Lenny Dykstra Pleads Guilty to Bankruptcy Fraud, Money Laundering
The baseball legend today pleaded guilty to federal allegations of bankruptcy fraud and money laundering, the U.S. Attorney's Office in L.A. announced.
What did he do?
He sold items from his $18 million Sherwood Estates (Encino) home that he bought from Wayne and Janet Gretsky despite having filed for bankruptcy. Some of that stuff included baseball memorabilia.
You see, you can't declare that you're broke and then hide valuable stuff from creditors.
Feds say that some of the cash he earned -- about $15,000 -- Dykstra then converted into a cashier's check in another person's name, thus committing another crime, money laundering.
Ten creditors lost as much as $400,000 as a result of Dykstra's scheme, according to a U.S. Attorney's statement.
The U.S. Department of Justice's top dog in L.A., André Birotte Jr., got kind of cute with his statement today, saying:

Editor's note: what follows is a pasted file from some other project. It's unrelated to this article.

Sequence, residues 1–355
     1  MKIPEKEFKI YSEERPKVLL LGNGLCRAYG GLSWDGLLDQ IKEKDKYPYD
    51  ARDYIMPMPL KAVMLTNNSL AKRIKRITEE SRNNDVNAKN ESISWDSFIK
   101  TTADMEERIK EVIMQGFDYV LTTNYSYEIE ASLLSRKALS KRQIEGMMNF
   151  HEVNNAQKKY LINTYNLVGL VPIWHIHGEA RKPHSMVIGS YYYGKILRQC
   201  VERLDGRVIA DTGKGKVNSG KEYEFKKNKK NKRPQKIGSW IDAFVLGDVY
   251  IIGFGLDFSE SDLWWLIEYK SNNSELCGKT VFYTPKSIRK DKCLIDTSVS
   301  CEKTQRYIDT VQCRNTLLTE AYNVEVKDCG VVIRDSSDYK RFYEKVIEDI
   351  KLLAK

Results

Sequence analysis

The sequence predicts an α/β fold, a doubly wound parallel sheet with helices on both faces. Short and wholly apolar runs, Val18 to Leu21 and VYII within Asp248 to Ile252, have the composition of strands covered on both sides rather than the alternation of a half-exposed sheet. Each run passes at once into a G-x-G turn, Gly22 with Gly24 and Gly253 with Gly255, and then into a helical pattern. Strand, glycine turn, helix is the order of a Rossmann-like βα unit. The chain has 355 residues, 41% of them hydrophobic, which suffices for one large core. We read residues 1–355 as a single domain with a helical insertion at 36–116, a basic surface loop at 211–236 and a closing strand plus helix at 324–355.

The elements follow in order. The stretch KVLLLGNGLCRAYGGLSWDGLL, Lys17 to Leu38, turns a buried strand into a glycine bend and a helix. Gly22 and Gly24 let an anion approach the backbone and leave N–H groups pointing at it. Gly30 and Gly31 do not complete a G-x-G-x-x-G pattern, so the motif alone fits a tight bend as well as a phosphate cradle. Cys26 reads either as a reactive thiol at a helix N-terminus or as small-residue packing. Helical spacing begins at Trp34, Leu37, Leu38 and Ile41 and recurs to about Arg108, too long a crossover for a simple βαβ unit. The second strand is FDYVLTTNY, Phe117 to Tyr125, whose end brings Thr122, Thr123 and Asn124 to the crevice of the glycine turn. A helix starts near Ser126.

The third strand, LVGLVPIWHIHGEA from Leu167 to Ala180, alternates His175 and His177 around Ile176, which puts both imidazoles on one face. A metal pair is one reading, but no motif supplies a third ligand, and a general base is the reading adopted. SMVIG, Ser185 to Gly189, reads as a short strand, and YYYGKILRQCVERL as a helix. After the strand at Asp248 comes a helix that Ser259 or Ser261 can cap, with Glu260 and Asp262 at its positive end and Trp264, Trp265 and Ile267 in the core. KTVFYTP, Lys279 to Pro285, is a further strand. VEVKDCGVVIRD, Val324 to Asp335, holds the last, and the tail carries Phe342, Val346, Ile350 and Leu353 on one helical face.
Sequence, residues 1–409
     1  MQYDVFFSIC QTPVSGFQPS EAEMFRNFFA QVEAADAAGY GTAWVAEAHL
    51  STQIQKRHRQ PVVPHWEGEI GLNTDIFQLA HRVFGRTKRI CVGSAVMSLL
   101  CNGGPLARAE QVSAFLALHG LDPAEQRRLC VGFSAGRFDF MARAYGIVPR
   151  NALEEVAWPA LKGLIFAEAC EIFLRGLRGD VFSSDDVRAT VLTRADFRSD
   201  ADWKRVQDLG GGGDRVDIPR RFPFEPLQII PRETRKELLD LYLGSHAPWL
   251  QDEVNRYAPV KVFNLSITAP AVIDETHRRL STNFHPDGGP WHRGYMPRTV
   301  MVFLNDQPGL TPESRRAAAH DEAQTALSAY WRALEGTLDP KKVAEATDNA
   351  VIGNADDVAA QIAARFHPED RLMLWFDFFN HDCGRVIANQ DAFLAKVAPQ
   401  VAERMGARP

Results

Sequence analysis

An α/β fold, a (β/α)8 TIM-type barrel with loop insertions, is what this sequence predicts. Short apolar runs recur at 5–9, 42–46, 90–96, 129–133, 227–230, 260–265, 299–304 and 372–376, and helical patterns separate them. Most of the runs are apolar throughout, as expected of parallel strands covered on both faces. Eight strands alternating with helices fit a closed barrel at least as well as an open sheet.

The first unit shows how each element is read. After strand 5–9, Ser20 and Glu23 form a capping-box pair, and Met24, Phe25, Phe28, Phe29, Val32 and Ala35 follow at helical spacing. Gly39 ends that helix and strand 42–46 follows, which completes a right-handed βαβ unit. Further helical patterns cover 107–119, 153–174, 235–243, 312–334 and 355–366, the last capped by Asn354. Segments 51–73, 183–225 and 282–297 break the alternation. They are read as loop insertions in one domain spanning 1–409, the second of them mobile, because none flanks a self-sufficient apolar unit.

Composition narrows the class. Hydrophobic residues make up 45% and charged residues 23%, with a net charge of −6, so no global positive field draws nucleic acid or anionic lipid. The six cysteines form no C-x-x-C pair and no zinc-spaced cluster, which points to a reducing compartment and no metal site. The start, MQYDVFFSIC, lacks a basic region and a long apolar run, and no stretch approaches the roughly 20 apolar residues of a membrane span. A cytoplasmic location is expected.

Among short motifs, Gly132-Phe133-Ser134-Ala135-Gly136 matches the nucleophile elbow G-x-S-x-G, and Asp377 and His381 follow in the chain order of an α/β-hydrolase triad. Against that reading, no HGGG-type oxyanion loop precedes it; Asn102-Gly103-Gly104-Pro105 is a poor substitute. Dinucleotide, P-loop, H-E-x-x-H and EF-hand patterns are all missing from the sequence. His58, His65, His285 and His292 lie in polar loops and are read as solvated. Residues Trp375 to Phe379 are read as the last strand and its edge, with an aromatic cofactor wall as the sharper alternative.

Mr. Dykstra's days of playing games with the public and the legal system are over.
Anyway, Dykstra's already serving three years behind bars for grand theft auto. Turns out he was buying cars based on false documents. (We were the first to report that allegation. Woot-woot).
Oh, and there's also this lewd conduct case. (Prosecutors say he forced women he hired via Craigslist to massage him. Really).
This latest case could get him 20 years, but we doubt it, given that this appears to be a part of a plea bargain. (The exact charges are "bankruptcy fraud, concealment of assets, and money laundering," according to the U.S. Attorney's statement).
Not Dykstra's year.